I have a question about the greater severity of large national debt caused by borrowing from foreign sources.

I am reading a book about elementary Economics and am currently on a chapter discussing the strengths and weaknesses of demand-side policies.

The book (A-level Economics, Anderton, 2015, pp. 204) states the following:

Keynesian economics states that so long as a government can print money to finance its deficit without fueling inflation or borrow money from the financial markets, then the National Debt is not a problem for the short term. Nearly all economists, however, would argue that, in the long term, large National Debts can be a problem particularly if they are financed mainly by borrowing money from foreigners.

However, I am struggling to understand how they can be worse than borrowing from domestic debt markets (if I have stated the correct market i.e. from a domestic lender).

My understanding was that if the debt was financed through printing more money, and had to pay off the loans to a foreign lender, it would find it harder to reduce the supply of money via reversing quantitative easing i.e. selling bonds back into the bond market, so impending inflation in the long term would occur.

However, the book does not qualify its statement regading large National Debt as above so I am not sure what the justification is for Anderton's statement above.

Why would large National Debts financed by foreign lenders be a greater problem than domestic lenders if the problem was to be solved by printing more money?


1 Answer 1


The statement should be ideally subjected to several caveats because there is a lot of heterogeneity between how difficult it is to manage external debt among nations (e.g. developed vs developing nations, country in monetary union vs country outside monetary union etc), but generally it is argued that:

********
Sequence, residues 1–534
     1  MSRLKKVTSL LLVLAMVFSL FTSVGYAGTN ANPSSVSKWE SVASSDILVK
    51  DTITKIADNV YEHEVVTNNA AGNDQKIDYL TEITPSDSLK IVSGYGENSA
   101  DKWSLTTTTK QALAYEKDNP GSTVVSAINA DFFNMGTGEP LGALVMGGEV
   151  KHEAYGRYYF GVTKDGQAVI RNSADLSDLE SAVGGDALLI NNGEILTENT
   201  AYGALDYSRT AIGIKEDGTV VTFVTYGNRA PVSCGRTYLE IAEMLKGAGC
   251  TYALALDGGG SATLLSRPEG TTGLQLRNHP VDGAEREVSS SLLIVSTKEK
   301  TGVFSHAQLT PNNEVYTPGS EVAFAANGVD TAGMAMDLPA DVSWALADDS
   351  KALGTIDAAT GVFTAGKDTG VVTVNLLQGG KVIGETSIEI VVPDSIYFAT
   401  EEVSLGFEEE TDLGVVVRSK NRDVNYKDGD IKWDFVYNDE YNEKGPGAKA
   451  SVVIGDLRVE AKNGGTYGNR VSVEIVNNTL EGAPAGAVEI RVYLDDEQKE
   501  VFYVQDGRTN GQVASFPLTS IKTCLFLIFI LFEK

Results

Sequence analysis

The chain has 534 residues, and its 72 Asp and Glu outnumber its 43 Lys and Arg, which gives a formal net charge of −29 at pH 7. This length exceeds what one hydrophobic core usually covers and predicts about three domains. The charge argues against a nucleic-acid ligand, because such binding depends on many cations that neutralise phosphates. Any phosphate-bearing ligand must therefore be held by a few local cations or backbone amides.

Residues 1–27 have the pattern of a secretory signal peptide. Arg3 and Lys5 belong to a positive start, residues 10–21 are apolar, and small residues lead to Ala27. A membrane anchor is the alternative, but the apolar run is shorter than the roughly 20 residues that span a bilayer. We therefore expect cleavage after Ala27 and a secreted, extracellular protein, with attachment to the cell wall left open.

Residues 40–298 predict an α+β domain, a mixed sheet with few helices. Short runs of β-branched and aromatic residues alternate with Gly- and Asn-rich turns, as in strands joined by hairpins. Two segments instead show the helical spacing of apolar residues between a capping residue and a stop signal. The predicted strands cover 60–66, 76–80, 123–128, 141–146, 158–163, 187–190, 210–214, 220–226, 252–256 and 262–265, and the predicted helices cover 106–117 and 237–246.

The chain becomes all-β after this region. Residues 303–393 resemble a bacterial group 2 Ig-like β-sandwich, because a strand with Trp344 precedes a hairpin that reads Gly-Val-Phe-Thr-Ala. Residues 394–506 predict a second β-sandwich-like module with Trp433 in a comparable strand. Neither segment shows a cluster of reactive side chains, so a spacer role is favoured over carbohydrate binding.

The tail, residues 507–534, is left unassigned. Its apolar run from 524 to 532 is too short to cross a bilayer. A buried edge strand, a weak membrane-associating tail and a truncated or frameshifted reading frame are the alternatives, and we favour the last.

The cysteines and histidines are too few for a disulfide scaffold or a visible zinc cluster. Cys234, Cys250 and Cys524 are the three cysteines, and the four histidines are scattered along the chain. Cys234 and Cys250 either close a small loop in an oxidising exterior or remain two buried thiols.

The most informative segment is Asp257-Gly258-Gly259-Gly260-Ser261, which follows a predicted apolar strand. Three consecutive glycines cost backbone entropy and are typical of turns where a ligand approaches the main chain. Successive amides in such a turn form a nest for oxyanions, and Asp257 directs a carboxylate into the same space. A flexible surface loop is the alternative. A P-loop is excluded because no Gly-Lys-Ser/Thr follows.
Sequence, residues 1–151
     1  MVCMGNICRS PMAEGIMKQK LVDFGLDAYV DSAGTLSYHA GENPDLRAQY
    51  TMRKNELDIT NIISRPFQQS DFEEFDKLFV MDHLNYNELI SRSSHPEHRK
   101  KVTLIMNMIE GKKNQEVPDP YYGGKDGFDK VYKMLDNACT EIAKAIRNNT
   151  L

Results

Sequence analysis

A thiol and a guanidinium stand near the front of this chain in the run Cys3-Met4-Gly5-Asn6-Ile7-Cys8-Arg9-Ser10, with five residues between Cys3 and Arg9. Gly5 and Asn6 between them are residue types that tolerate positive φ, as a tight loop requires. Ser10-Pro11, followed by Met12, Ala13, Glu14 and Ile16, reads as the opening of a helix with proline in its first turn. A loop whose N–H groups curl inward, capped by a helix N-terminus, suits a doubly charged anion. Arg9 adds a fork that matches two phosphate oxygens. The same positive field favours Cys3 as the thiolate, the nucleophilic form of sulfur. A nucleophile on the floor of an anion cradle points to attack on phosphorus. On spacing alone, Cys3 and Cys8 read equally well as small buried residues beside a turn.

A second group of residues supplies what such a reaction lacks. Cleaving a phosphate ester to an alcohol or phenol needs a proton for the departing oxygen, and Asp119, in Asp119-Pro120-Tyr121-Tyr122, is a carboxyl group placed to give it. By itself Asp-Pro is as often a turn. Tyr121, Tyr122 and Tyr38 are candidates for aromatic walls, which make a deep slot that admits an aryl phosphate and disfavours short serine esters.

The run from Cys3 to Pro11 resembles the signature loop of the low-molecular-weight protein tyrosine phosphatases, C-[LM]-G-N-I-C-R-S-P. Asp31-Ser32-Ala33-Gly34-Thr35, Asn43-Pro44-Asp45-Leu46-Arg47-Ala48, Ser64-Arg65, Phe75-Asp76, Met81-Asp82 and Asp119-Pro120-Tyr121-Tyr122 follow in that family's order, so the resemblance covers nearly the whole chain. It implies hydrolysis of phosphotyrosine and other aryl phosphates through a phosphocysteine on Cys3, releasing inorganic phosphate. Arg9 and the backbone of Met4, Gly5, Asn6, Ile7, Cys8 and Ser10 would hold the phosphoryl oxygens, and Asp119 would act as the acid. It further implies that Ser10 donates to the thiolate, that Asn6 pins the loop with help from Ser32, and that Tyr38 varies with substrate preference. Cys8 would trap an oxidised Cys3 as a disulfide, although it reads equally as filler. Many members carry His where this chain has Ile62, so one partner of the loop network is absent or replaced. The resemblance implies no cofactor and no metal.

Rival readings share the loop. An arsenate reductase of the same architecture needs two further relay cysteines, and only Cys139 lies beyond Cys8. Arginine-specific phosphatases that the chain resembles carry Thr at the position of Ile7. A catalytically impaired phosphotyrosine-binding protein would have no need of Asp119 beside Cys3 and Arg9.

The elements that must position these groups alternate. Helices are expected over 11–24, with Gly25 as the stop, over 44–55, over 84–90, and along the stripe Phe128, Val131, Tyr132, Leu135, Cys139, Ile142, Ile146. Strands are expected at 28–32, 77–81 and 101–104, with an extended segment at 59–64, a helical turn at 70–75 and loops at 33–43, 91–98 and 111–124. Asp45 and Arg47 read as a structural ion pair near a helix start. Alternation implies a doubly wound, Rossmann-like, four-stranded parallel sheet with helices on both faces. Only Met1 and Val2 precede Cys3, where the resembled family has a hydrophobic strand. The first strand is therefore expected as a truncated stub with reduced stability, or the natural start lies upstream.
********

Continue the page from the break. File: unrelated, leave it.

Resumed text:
1. Foreign debt is usually (but not always) also denominated in foreign currency. In the past sometimes people even used words 'foreign debt' and 'debt denominated in foreign currency' interchangeably (Vasishtha, 2007) even though that of course is not accurate as you can have foreign debt denominated in domestic currency, and domestic debt denominated in foreign currency. Still just the fact that some scholars sometimes slipped and used the terms interchangeably indicates that often foreign owned debt is denominated in foreign currency. Such debt is more difficult to manage because it can't be easily monetized.

  2. Foreign and domestics creditors are different, for many countries, foreign investors will be large international hedge funds or other governments or international organizations like IMF, whereas domestic creditors are typically domestic firms or individuals. It is easier for large international organization to try to sue government, or to do reputational damage to the government which will make its future borrowing costs higher (Vasishtha, 2007).

    On the other hand, domestic creditors are at the mercy of the government. Since from creditor's perspective the government debt is an asset, government can always decide to raise taxes on the income domestic creditors earn from these assets (thereby recouping portion or all interest paid on the domestic debt), or levy some wealth tax that will in effect force domestic creditors to in effect hand portion of their assets (and debt is an asset for creditor) to the government. To be fair in principle there are ways how domestic government can tax foreign entities as well but it's much more difficult (see discussion of that in Gros 2011).

  • $\begingroup$ Such discussions should be at the cornerstone of some of these textbooks. I think this is an excellent answer and I'm glad to give it an upvote and tick. Appreciate it! Thanks, @1muflon1. $\endgroup$
    – vik1245
    Commented Aug 16, 2021 at 15:56

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